• Tiffany Miller

BLOG: JAN 17-23, MOSES 6 “Teach these things freely unto your children”

As a parent, I find myself being amazed by the perfectness of the Plan of Salvation over and over again. Heavenly Father’s work and glory is to bring to pass our immortality and Eternal Life. He wants us to be like Him. He’s a perfect individual, a perfect parent. Oh the things we learn from being parents, from teaching children in general! I used to think that I had gotten over the anger issues that I so easily succumbed to when I was a kid, but since having my five daughters, I’ve since learned that I still need to work on it (🤦‍♀️🙄). Oh the naivety of youth! How innocent and beautiful our children are (when they aren’t destroying our houses and making huge messes); they definitely Ether 12:27 (can I use that as a verb?) me everyday, showing me my weakness and what not. But, there isn’t a better environment for learning to be like Him than in the family. I’m not saying that’s the only place to learn to be like Him, but it’s surely the best. Being a parent specifically (or in a leadership position with children if you’re not yet a parent) is the best way to become more Christlike. A short list of some of the ways we become like Christ through parenting and/or discipling children:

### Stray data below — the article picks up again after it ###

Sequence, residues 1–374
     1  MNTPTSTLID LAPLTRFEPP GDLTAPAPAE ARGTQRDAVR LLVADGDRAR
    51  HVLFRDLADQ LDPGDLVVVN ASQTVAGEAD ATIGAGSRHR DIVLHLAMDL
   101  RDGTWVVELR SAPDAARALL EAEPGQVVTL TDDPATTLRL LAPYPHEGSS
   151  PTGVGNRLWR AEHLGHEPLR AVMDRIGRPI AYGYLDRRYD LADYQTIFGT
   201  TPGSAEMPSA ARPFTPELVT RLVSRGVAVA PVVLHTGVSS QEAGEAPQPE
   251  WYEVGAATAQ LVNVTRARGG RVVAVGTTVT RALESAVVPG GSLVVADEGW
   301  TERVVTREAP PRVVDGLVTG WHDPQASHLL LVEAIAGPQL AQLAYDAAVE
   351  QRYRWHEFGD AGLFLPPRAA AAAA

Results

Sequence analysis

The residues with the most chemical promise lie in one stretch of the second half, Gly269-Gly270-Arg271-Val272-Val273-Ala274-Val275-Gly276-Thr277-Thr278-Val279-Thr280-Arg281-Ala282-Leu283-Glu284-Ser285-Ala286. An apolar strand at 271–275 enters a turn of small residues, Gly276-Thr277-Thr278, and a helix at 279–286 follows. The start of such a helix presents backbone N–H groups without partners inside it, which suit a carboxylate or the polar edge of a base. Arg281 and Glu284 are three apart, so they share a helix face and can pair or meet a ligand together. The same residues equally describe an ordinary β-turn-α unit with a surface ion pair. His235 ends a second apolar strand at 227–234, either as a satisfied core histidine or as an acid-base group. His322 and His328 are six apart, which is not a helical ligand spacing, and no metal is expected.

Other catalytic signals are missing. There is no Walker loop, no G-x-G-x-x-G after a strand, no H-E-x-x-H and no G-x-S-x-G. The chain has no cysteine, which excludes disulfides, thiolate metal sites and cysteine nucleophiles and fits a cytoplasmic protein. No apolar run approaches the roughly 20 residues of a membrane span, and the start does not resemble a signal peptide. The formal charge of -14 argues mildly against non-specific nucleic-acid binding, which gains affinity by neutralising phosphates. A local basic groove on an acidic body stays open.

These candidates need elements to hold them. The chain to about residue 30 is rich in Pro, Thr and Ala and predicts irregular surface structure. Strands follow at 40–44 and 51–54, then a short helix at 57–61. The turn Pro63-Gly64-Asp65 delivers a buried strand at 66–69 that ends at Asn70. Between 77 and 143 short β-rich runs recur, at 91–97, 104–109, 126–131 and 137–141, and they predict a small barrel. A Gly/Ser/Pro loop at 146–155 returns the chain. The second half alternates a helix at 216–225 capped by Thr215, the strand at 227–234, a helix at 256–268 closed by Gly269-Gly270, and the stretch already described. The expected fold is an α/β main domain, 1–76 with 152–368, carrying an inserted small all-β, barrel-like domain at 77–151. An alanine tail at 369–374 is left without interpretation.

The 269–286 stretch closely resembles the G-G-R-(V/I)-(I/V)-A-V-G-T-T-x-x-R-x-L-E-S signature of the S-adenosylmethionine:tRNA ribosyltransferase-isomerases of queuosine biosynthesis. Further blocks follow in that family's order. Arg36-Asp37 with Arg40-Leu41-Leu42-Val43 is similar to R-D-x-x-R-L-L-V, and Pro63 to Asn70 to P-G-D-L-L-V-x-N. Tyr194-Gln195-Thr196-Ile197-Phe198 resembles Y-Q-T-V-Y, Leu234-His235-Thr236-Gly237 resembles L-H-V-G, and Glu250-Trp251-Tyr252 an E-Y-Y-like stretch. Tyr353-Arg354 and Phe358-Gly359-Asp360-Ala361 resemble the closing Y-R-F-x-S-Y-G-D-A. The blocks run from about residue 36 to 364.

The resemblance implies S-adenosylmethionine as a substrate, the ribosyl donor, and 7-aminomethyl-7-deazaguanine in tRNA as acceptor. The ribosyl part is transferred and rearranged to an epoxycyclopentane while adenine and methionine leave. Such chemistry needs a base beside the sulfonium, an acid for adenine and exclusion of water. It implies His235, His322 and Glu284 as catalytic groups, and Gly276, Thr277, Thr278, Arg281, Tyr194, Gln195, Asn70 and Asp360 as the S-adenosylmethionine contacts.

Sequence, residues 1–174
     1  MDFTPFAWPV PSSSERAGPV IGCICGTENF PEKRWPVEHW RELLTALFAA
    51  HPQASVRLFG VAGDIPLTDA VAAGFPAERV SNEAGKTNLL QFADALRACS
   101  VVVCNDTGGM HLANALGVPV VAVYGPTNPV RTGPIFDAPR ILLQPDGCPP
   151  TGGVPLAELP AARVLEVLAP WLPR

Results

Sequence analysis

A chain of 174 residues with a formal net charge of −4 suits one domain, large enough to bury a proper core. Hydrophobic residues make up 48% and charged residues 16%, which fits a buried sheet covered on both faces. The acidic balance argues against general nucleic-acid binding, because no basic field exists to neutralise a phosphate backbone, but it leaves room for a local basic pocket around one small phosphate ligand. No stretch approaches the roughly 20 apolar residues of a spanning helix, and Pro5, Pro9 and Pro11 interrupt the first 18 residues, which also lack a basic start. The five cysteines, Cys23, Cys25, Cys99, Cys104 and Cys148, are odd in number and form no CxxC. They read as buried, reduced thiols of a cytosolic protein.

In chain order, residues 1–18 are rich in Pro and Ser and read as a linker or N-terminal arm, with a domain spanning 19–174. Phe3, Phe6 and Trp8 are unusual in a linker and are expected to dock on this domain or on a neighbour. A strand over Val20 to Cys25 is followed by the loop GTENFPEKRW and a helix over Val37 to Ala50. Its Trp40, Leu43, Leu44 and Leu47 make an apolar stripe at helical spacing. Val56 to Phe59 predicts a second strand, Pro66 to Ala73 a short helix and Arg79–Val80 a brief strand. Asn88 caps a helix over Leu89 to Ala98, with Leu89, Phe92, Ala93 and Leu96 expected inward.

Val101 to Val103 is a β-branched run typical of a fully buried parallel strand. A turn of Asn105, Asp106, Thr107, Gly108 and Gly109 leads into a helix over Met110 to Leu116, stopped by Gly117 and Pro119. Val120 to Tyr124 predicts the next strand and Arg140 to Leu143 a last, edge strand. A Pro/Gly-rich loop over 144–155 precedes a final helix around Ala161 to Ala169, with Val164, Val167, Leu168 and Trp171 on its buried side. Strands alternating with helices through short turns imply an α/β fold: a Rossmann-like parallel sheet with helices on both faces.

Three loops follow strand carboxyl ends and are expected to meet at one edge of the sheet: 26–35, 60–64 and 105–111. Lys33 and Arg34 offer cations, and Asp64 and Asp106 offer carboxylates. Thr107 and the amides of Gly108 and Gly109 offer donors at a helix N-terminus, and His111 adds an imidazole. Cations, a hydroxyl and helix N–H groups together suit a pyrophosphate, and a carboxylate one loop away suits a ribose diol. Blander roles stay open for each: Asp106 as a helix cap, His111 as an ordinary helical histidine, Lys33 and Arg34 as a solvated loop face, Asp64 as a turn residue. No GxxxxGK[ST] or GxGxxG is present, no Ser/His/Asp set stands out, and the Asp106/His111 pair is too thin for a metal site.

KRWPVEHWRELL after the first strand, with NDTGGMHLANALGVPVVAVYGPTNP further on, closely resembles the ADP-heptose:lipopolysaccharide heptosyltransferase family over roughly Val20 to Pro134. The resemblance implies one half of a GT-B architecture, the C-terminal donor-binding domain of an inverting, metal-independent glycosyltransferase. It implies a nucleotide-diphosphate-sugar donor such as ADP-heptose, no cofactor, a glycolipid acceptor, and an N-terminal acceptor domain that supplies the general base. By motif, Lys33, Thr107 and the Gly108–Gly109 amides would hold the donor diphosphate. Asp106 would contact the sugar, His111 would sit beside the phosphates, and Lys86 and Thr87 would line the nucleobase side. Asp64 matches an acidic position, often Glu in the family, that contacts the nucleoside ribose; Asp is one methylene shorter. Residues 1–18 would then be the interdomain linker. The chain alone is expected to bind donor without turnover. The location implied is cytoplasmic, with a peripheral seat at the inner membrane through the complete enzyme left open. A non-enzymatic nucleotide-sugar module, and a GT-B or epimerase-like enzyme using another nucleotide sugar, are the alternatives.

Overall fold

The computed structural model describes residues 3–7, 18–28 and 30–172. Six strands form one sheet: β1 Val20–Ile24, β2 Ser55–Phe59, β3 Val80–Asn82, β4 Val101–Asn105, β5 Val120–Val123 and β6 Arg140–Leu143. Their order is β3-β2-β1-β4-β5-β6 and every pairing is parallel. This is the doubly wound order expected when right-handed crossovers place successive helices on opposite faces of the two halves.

• Learn what love is and how to love on a deeper level

  • Learn to be more self-sacrificing

  • Learn to be more patient!

  • Learn to be more empathic

  • Learn to be more giving

  • Learn to lead by example

  • Learn more peaceful conflict-resolution skills

  • Learn to be a better communicator

Now that’s a pretty short list, but it’s a good start. I encourage you to add to it and to share it with your children. Let them know how they’re helping you to be more like Christ.

We feel this innate responsibility as parents to teach our children. It’s natural, and a part of the Plan of Salvation. Our Heavenly Father also has this same desire - to help His children learn and grow. We can learn lots about Him by how He interacts with us and how He interacted with those in the scriptures.